East Harlem Kids to Retrace Freedom Riders' Journey
By Jeff Mays
HARLEM — When she gets on a Mississippi-bound bus to celebrate the 50th anniversary of the Freedom Riders later this month, Victoria Albino, 15, a freshman at East Harlem's Renaissance Charter High School for Innovation will be thinking about immigration.
Her best friend is an immigrant whose brother was deported shortly after receiving his high school diploma because he did not have legal status.
And just like the Freedom Riders — civil rights activists who were imprisoned and attacked when they rode buses across state lines to challenge segregation laws — Albino believes immigration laws need changing.
"He wasn't born here but he's been here since he was young," she said of her friend's brother. "I would have done it for something I believe in. I would have rode to change immigration."
Albino will join 14 other students from the neighborhood's first charter high school and dozens more from around the city for a four-day ride starting May 20 that will retrace the route of the original Freedom Riders, making stops in Washington, D.C., Greensboro, NC, Atlanta, Ga. and Jackson, Miss.
It was 1961 when the group traveled to the Deep South to force the government to uphold a Supreme Court ruling from the previous year that banned segregation on public transportation. They were met with repeated violence from white mobs as their bus pulled into cities throughout the region.
Students from Renaissance have met with two of the original Freedom Riders, Lewis Zuchman, the executive director of Supportive Children's Advocacy Network and LaVaughn Brown.
"We are hoping to raise their consciousness so they understand not only what we did but the world they are in, the problems they face and how to confront them," said Zuchman.
The students learned about the civil rights movement and will produce multimedia projects based on their travels throughout the South and interviews with Freedom Riders.
They will also participate in the Mississippi Freedom 50th conference as the official New York City youth delegation, where they will "move toward addressing the disparity of inner city education for young people," Zuchman said.
"We will talk about direct action and what changes they can ask for but it's going to be up to the young people to decide what action they will take."
Principal and school co-founder Nicholas Tishuk said: "We are trying to make a connection between what happened then and what's happening now.
"Some of the Freedom Riders were really young. The fact that our kids can see some of the people who did these great things were around their age is wonderful."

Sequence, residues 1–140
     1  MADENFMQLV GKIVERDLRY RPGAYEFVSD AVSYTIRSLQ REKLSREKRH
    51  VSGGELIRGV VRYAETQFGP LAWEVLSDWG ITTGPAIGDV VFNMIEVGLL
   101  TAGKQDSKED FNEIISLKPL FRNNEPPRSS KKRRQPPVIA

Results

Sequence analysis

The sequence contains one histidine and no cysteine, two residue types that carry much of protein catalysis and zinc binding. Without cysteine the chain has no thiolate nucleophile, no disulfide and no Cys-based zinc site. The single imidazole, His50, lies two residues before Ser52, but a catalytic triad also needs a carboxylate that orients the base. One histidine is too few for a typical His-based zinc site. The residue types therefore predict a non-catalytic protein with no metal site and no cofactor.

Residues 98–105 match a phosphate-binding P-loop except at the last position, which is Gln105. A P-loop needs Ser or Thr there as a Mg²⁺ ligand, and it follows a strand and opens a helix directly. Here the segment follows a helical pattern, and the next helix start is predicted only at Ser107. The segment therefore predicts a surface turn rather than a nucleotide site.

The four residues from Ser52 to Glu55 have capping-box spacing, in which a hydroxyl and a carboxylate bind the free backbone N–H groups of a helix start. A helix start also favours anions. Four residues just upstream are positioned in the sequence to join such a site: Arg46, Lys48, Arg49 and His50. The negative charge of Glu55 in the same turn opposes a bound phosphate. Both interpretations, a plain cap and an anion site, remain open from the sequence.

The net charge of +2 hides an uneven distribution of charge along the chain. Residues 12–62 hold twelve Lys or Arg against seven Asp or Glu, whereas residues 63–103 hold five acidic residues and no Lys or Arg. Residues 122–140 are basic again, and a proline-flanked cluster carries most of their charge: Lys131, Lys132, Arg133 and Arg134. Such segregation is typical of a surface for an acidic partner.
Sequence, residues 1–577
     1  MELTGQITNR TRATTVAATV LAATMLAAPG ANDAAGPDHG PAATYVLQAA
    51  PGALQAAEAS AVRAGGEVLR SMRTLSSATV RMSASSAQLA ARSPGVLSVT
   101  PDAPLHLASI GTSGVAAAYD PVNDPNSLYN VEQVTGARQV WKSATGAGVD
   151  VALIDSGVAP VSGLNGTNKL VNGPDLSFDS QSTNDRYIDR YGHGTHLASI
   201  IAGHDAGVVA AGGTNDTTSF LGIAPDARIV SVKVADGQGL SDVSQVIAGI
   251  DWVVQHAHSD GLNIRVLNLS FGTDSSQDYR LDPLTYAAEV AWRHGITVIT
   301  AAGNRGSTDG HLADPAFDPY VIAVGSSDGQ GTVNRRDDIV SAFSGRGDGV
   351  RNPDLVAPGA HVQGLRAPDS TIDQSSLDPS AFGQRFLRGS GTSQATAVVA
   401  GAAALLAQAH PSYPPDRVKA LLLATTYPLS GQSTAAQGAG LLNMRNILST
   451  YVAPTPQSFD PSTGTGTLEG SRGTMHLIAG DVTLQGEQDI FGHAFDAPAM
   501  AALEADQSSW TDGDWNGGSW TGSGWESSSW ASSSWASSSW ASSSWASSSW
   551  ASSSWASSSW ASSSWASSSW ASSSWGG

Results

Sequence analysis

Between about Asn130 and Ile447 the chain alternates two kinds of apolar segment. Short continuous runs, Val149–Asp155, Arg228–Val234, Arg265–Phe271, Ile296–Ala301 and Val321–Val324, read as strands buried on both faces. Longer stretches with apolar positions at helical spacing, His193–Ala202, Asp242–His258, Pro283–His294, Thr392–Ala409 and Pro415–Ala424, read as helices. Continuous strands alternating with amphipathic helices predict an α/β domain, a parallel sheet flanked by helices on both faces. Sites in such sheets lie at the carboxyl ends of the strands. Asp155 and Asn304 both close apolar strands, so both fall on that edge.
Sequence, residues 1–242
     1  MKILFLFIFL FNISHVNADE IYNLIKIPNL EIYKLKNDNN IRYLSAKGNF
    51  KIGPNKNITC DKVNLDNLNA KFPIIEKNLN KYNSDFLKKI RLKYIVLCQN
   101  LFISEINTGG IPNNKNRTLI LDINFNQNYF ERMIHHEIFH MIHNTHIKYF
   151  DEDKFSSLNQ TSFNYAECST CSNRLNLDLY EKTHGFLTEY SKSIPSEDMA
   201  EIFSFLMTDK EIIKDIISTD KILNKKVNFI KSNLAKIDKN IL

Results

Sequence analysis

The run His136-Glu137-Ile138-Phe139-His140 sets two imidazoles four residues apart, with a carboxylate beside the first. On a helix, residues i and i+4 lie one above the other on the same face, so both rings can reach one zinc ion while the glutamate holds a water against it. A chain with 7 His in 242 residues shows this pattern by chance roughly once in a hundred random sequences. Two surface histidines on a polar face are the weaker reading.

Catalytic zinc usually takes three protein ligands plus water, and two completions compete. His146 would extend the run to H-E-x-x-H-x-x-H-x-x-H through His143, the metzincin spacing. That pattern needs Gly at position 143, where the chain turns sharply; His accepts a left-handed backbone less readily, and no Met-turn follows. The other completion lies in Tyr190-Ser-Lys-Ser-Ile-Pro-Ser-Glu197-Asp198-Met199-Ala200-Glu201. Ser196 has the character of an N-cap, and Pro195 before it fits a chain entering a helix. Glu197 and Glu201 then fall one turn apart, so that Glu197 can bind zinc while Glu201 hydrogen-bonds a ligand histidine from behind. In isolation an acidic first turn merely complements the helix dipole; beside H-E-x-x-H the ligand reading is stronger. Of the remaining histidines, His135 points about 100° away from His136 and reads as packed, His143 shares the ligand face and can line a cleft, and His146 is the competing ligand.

The effort is part of the immersive learning principles at Renaissance. The school is in its first year and has admitted kids mostly from the surrounding area. About 40 percent were classified as special needs, 14 percent are still learning English and most were testing below grade level.
Students selected for the trip had to express a passion for the endeavor and participate in additional learning and research projects. One of the themes was: What would you ride for?
For Ezekiel Clarke, 15, the answer was police harassment and racism. "They did a lot of work and they were serious about it. Their bus was set on fire and they were almost bombed but they kept going," Clarke said of the Freedom Riders.
Tiffany Santos, also 15, said she would ride for world peace.
Naija Tyler, 14, was surprised to learn how diverse the original effort was.
"It wasn't only blacks. There were whites who also fought for equality," she said. "It made me feel good to learn that others helped."
Ramesha Wembley, 15, said she wants to "experience what the Freedom Riders went through."
"You get to expreience it firsthand in a way. You don't just have to read a history book. You get to go to the actual site," she said.
Kyle Sanders, 14, said the project led him to discuss the civil rights movement with his grandmother.
"She knew all about it," he said.
Tishuk said the learning won't stop when the trip ends. After the ride, the students will show their work to the world through multimedia projects posted online and hopefully make connections with other kids around the city to speak about their experiences.
"These kids have been counted out. No one expects greatness from them. No one expects hem to have a unique vision," said Tishuk. "But these kids are not just sitting in the passenger seat learning about history, they are active participants."